“We the women think about the future, and consider the forest as our most secured asset for us and our children in years to come.” Lawrencia Ofre, civil society leader and member of Buanchor, a forest-dependent community in Cross River State, Nigeria.
The role of gender equality in climate mitigation activities is critical to address both the climate crisis and support “gender equality today for a sustainable tomorrow”, the theme of this year’s International Women’s Day (8 March). It is widely held that gender equality and women’s inclusion is not only crucial for accelerating sustainable development and climate action but is also smart business. International Women’s Day is a moment to reflect on how gender-responsive approaches can bridge the gap between the promise and shortfalls of climate mitigation, particularly in reducing emissions from agriculture, forests and land use, which is critical for many tropical countries to achieve their Paris Agreement goals.
For gender equality and women’s empowerment to be effective, it needs to be a part of our daily work. In UNDP’s support to the 35 jurisdictions of the Governors’ Climate & Forests Task Force (GCFTF), gender is integrated across the initiative from design to implementation, monitoring, and implementation of actions to reduce emissions from deforestation and forest degradation (REDD+).
A question often posed by policymakers and practitioners is “what does this look like in practice”? UNDP Climate & Forests support to GCFTF jurisdictions, has revealed that:
Early investment in gender-responsive approaches, such as consistent support and resources (through gender experts and champions, sufficient budget and capacity) improves project results.
Understanding women’s and men’s roles in forest management and forest-related value chains is critical to ensuring project interventions are effectively designed and implemented in a way that equitably involves and benefits women, men and youth.
Providing safe spaces for women to equitably and actively participate in actions and influence and inform project interventions results in more gender-responsive outcomes.
Women’s equitable and active involvement, including in leadership roles and decision-making processes, builds support for gender-responsive approaches and policy making.
Involving men in gender activities and incorporating men as well as women into discussions on gender benefits everyone.
Collection of gender data paired with gender-responsive monitoring and reporting frameworks ensures that results are effectively and sufficiently captured.
Multiple social identities interact and intersect in ways that can compound discrimination for already marginalized groups, such as women, and need to be considered as part of a gender approach.
On the ground, in Ucayali, Peru, this meant developing investment plans that brought women into the design process, including focus groups with of women agricultural producers in oil palm, coffee and cocoa; and with Indigenous women from the communities of Sinchi Roca and Nuevo Saposa, where women make a living growing bananas (moquichi and bellaco), papaya, cacao and cassava, as well as from tourism and handicrafts.
The focus groups promoted women’s participation by:
Providing spaces accessible to women at a time/day that suits them as well as childcare for those who needed it
Ensuring local facilitators are women and having translation and interpretation in Spanish and the local language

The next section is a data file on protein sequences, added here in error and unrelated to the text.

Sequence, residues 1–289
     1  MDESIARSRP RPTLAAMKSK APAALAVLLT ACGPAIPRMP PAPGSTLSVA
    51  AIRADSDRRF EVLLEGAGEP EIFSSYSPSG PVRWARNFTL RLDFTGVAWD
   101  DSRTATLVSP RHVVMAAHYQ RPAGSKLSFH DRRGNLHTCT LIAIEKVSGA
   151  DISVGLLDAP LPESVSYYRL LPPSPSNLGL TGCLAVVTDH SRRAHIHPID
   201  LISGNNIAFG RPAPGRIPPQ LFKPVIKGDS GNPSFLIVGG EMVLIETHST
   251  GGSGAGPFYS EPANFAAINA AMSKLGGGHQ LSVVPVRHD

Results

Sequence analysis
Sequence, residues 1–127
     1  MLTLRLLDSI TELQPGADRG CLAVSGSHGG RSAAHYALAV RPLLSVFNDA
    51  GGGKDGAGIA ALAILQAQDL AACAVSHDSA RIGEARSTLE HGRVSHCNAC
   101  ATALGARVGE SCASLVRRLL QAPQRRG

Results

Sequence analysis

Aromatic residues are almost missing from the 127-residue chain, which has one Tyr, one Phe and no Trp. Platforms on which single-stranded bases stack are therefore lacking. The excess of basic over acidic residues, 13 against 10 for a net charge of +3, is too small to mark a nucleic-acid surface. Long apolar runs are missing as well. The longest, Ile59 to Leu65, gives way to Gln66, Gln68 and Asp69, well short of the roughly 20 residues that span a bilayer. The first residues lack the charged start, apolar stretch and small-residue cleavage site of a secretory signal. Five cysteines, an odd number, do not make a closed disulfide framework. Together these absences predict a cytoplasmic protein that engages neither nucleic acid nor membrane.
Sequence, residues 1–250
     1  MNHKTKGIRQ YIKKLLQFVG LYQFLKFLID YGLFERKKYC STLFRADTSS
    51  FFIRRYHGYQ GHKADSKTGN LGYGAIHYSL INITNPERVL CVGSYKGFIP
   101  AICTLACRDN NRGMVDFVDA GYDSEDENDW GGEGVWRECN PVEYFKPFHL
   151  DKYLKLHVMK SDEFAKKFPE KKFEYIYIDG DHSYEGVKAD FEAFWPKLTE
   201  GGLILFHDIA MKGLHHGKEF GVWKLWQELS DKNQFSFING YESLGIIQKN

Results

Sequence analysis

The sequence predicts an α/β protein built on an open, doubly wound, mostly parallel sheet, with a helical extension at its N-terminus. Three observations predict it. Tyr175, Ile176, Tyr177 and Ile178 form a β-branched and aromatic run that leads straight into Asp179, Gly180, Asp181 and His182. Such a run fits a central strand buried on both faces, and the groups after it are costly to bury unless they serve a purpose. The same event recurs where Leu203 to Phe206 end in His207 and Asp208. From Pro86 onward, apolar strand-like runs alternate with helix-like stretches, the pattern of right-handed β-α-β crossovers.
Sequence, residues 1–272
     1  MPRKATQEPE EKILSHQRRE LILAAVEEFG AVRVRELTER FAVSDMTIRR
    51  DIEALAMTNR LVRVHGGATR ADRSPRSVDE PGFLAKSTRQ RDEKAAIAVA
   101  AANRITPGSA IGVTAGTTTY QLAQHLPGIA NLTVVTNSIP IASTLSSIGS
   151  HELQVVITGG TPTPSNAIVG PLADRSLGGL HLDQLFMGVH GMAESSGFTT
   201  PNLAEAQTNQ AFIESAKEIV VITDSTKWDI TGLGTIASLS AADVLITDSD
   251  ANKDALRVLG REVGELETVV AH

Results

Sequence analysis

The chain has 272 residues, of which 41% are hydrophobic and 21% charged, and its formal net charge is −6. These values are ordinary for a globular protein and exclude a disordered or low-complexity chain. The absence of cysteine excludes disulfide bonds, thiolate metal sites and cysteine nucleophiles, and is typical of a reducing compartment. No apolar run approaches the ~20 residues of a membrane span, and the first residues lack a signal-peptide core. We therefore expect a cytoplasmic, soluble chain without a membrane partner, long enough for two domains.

Collecting spoken feedback from women
Why is this integrated approach important? As participants themselves noted, sometimes the “role of women in communities is made invisible” and yet “women are the protectors of knowledge and knowledge comes from the forest”.
In Papua, Indonesia, the presence of women in important project management roles helped to ensure that women were invited to participate and that there was a safe space for consultations. As a result, over 40% of participants across project activities were women, with some activities attracting over 50%. Where gender targets were not met, the partners worked with government officials to reconsider their approach, including a target of having a minimum of 30% women invited to all meetings. All planning documents included gender-related information and the importance of integrating a gender approach was explained to all staff and reinforced during coordination meetings. This ensured that women and men across the project management structure understood the value and application of gender sensitive and responsive actions, which in turn contributed to the results, such as the inclusion of gender considerations in the business plans developed for the forest management units.
In Cross River State, Nigeria, gender equality is one of the seven guiding principles of REDD+ implementation and is reflected in the jurisdictional investment plan developed with support from GCFTF. Women have been actively engaged in community-based REDD+ actions for a decade and have been recognised as a forest stakeholder group that should benefit from the investment plan. They were also involved in the design and validation of the plan and will play an important role in implementation.
As the Secretary General’s report to the 66th Session of the Commission on the Status of Women, Achieving gender equality and the empowerment of all women and girls in the context of climate change, environmental and disaster risk reduction policies and programmes, notes, despite the critical role of both women and men in forest management and food protection, women still enjoy less access to forests and forest resources, and limited participation in decision-making around forest management. Gender-responsive actions like those in the GCFTF are one way to bridge this gap.
Read the full report here: The End of Business as Usual: Mainstreaming Gender in Jurisdictional REDD+ Approaches.